Despite a plethora of tests of ovarian reserve, there is no perfect test to predict pregnancy. Recent evidence points that anti-Müllerian hormone and antral follicle count may be better than other tests, although other tests continue to be used and form the basis of exclusion of women from fertility treatments. This systematic review concentrated on dynamic tests of ovarian reserve [clomifene citrate challenge test (CCCT), gonadotrophin-releasing hormone agonist stimulation test (GAST) and exogenous FSH ovarian reserve test (EFORT)] and assessed their predictability in terms of fertility outcomes. The study did not restrict itself to women undergoing IVF. The diagnostic odds of abnormal CCCT for non-pregnancy were 2.11 (95% confidence interval, 1.04-4.29) at FSH >10 IU/l (day 3 or 10). The diagnostic accuracy of GAST and EFORT could not be determined due to inconsistencies in the way these tests were conducted. This systematic review and meta-analysis was limited by heterogeneity in terms of the population sampled and the index and reference tests. There is an urgent need for consensus on the performance of these tests and the definition of normality, if their use is to be continued. However, given the present level of evidence, these tests should be completely abandoned.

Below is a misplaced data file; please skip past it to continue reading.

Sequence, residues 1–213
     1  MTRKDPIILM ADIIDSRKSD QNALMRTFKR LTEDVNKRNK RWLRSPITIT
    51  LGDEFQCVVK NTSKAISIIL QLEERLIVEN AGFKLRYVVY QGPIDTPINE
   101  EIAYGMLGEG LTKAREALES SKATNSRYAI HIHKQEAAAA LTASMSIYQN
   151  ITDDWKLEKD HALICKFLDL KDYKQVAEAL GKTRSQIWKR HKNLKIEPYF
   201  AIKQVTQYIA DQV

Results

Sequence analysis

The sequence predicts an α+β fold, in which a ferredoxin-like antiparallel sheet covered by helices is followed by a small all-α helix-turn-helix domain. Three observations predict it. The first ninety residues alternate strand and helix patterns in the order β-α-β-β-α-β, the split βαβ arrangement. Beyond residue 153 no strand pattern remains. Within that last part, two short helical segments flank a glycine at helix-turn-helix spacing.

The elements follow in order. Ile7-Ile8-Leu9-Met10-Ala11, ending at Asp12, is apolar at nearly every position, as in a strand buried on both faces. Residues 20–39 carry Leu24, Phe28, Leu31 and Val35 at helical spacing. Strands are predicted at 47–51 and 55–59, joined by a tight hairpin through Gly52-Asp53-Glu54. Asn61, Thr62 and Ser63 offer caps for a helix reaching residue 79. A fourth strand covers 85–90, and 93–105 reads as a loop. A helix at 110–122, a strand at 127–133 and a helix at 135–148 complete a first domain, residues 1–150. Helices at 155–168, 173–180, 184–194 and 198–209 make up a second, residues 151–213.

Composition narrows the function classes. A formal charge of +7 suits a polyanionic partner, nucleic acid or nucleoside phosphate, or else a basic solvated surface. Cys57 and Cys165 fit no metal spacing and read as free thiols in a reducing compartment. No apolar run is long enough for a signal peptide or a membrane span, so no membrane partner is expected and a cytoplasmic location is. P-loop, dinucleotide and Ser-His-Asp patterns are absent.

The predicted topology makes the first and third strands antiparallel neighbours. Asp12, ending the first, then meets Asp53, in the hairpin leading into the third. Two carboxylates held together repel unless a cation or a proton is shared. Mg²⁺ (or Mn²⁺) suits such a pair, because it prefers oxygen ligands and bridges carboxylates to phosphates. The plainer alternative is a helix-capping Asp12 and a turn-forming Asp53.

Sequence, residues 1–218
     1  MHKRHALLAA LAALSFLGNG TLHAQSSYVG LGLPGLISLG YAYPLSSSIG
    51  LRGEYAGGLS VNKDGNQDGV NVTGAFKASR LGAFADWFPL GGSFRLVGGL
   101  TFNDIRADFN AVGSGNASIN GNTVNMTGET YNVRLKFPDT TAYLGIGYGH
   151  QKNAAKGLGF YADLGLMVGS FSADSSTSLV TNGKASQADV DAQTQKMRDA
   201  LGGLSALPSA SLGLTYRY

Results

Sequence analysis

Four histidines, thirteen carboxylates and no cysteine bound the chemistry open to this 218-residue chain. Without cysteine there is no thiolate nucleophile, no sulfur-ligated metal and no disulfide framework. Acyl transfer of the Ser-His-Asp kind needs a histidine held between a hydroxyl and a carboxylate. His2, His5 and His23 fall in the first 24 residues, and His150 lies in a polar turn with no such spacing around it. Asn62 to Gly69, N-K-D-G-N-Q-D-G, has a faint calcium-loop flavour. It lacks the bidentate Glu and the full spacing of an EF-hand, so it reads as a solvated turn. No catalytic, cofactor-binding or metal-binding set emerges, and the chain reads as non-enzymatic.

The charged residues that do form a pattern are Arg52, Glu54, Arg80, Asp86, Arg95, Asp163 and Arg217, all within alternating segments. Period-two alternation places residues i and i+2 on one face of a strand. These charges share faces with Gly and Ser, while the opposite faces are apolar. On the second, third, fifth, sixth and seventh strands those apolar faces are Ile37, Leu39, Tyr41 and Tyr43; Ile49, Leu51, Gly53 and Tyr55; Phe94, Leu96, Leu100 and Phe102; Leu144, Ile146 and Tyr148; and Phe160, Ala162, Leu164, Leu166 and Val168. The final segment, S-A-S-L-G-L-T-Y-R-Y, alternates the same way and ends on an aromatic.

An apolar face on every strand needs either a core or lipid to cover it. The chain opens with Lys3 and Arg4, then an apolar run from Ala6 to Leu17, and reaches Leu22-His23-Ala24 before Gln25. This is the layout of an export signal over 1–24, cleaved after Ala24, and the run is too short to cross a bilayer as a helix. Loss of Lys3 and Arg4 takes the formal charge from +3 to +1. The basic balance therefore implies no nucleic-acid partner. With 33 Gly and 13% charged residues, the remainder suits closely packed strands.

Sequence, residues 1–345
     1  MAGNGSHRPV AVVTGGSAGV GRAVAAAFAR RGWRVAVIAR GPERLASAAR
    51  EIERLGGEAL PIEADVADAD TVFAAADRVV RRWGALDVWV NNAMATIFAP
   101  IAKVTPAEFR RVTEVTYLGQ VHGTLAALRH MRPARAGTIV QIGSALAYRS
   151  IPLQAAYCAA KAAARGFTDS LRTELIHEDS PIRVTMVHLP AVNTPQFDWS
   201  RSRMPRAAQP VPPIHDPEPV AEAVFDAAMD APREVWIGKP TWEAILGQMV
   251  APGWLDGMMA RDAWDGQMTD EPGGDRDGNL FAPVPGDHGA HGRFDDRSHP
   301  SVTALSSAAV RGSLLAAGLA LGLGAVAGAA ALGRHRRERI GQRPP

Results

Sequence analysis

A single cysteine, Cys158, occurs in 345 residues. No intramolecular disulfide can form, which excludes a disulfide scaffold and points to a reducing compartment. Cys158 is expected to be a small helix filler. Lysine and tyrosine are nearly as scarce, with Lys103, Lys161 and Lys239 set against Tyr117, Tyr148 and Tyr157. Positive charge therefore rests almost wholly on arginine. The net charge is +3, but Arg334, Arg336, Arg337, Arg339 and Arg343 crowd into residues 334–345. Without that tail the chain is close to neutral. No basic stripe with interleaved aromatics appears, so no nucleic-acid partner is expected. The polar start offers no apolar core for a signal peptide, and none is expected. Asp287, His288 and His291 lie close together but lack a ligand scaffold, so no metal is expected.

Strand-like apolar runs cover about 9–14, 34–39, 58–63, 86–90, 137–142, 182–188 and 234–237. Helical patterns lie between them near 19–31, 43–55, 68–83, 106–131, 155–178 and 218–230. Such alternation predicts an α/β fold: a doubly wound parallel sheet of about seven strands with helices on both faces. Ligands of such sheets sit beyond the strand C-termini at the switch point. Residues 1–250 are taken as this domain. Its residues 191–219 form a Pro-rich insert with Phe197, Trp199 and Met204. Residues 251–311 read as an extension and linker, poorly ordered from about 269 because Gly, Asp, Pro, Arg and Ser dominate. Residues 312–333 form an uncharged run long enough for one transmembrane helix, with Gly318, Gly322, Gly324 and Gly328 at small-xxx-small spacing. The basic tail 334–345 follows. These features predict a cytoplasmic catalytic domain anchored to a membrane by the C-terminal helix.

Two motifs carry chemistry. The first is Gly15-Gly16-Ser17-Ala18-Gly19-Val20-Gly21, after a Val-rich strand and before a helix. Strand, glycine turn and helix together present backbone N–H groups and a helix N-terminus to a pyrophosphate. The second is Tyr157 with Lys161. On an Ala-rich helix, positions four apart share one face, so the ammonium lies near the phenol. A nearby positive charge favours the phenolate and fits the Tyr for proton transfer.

- follicle stimulating hormone
- gonadotropin-releasing hormone
- ovarian function tests
- predictive value of tests
- pregnancy outcome